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'Grand alliance' in choppy waters

The Samajwadi Party’s “grand alliance” theory promoting a broad unity between the Congress, Left and the UNPA appears headed for trouble, reports Srinand Jha.
Hindustan Times | By Srinand Jha, New Delhi
UPDATED ON JUN 07, 2008 02:35 AM IST

The Samajwadi Party’s (SP’s) “grand alliance” theory promoting a broad unity between the Congress, Left and the United Nationalist Progressive Alliance (UNPA) partners appears headed for trouble, with at least two constituents of the fledging combine expressing disapproval of the growing bonhomie between the SP and the Congress.

Regional and national compulsions might provoke constituents of the UNPA to take a different political stands at different times, but the Third Alternative concept will continue to grow even if some parties opt out, Asom Gana Parishad leader Brinadaban Goswami said. Telegu Desam Party’s (TDP’s) K. Yarran Naidu said he would articulate his thoughts on this at the right forum.

Besides the NDA and the UPA, the UNPA is the only potent political alternative in the country and remains relevant, SP general secretary Amar Singh said on Friday. That Singh should feel compelled to make such a spirited defence when the UNPA completes its first year, speaks for itself. As Singh announced at a press conference, UNPA and Left leaders will meet early next month to strategise plans for a campaign on price rise. The big question remains: Despite these activities, is the UNPA heading somewhere?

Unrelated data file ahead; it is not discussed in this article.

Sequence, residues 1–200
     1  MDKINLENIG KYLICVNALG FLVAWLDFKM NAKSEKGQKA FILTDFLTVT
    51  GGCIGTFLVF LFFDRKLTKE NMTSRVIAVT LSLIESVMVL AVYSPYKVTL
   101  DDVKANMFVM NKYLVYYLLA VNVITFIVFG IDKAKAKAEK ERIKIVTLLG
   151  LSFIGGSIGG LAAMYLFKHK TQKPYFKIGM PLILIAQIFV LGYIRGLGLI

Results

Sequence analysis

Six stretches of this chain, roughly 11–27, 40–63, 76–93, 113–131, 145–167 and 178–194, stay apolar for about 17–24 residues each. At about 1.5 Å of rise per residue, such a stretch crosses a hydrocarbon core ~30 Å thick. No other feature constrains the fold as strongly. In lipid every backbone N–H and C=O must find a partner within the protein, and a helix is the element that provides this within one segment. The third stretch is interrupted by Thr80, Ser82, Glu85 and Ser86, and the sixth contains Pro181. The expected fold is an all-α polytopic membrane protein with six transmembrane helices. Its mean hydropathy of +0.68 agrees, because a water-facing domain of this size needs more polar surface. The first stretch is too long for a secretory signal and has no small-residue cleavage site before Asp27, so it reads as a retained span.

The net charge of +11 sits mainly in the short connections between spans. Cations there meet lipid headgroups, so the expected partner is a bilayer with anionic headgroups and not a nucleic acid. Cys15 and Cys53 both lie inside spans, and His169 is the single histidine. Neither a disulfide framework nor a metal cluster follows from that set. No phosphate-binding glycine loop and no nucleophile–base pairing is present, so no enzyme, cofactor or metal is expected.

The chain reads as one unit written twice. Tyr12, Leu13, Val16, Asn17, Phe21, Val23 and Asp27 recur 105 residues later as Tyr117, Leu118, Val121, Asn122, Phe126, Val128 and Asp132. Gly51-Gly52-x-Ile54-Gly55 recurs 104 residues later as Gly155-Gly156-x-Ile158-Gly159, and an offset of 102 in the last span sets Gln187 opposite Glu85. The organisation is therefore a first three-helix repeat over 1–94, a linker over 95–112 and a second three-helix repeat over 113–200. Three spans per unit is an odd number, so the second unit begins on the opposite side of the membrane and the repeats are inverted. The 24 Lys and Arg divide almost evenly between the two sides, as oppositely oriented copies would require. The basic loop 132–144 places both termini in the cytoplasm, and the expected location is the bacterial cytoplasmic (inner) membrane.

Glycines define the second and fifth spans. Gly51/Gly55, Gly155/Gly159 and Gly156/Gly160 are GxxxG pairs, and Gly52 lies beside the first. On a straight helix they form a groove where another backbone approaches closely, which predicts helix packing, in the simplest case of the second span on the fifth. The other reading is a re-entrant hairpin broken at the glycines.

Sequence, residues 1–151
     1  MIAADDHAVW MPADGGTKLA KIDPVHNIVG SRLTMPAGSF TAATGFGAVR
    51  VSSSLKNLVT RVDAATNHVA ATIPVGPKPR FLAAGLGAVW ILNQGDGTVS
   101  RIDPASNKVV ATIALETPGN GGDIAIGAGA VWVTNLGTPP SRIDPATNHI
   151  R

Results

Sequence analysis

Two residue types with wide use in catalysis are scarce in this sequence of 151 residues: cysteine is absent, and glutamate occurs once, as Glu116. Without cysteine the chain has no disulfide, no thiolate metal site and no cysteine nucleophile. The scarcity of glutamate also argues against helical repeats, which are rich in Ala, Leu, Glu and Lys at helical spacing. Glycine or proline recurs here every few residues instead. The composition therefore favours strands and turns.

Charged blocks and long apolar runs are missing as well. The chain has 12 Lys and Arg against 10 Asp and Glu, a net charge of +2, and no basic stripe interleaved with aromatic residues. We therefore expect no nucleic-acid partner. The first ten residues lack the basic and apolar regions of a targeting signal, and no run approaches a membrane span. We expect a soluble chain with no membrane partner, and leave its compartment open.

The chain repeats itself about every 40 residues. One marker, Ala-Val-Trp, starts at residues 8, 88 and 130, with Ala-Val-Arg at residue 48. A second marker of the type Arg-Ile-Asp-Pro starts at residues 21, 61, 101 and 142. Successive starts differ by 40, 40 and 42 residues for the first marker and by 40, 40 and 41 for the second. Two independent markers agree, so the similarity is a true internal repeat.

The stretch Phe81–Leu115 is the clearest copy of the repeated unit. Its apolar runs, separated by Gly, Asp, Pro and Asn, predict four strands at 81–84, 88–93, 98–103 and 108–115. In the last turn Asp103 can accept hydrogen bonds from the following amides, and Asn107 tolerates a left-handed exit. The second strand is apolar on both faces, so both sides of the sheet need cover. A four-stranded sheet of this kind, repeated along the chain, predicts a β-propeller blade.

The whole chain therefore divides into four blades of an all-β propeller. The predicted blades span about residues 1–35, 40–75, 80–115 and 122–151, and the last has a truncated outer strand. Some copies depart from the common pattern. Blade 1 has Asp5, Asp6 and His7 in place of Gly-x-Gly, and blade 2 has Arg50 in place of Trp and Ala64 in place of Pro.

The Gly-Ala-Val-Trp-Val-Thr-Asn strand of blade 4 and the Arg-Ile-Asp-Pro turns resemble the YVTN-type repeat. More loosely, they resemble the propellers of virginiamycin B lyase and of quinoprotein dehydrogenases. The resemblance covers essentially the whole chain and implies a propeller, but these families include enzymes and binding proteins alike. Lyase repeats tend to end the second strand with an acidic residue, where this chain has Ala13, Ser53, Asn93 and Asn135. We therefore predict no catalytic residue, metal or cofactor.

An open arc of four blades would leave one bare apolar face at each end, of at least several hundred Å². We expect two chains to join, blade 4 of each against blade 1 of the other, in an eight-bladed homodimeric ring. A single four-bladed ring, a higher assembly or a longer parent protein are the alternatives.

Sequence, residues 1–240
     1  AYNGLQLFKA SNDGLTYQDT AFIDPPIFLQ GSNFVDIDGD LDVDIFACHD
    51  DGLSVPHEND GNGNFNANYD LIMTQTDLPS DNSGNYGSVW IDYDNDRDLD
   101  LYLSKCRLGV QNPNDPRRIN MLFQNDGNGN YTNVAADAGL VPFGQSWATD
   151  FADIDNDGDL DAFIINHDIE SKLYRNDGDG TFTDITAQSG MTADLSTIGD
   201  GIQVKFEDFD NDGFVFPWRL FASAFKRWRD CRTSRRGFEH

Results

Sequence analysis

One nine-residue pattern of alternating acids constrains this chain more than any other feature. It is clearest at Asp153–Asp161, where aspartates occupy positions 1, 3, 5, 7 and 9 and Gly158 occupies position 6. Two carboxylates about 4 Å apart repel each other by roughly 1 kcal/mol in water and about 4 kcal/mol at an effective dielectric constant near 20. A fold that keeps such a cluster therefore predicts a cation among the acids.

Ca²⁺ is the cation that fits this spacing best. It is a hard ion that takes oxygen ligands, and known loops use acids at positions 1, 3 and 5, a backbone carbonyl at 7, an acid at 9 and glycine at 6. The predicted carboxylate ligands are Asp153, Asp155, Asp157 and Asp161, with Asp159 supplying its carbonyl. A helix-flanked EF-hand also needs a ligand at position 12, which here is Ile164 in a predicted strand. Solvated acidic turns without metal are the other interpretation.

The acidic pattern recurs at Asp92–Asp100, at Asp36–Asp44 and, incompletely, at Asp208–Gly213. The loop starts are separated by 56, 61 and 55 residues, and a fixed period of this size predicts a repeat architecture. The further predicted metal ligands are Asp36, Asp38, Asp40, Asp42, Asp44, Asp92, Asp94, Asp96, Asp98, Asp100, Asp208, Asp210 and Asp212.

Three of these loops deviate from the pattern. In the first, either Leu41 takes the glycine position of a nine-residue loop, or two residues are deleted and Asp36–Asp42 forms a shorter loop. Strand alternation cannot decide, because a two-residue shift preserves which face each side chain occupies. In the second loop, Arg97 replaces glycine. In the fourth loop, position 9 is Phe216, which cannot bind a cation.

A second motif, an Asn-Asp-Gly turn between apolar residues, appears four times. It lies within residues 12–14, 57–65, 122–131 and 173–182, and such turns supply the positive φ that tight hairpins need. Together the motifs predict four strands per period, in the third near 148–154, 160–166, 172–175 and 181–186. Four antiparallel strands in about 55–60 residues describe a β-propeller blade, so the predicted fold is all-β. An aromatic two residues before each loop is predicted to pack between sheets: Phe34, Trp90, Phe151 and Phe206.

After AIADMK leader J. Jayalalithaa’s exit, the UNPA was weakened. After the UPA government’s loan waiver scheme, UNPA partners found themselves robbed of their pet themes. Now – with the apparent warming of relations between the SP and Congress – the UNPA has substantially compromised its stated position of maintaining an equal distance from both the Congress and the BJP. Amar Singh admitted on Friday: “Our compulsion is that we are opposed to the BJP.”

Ostensibly, the SP leader was speaking for his own party. Certain other constituents of the UNPA find themselves compelled to oppose the Congress.

Notwithstanding claims of certain constituents that they had acquired national footprints, the UNPA remains a grouping of regional parties. It might be tall order to expect them to make a huge difference to the political verdict in the sixth assembly elections.

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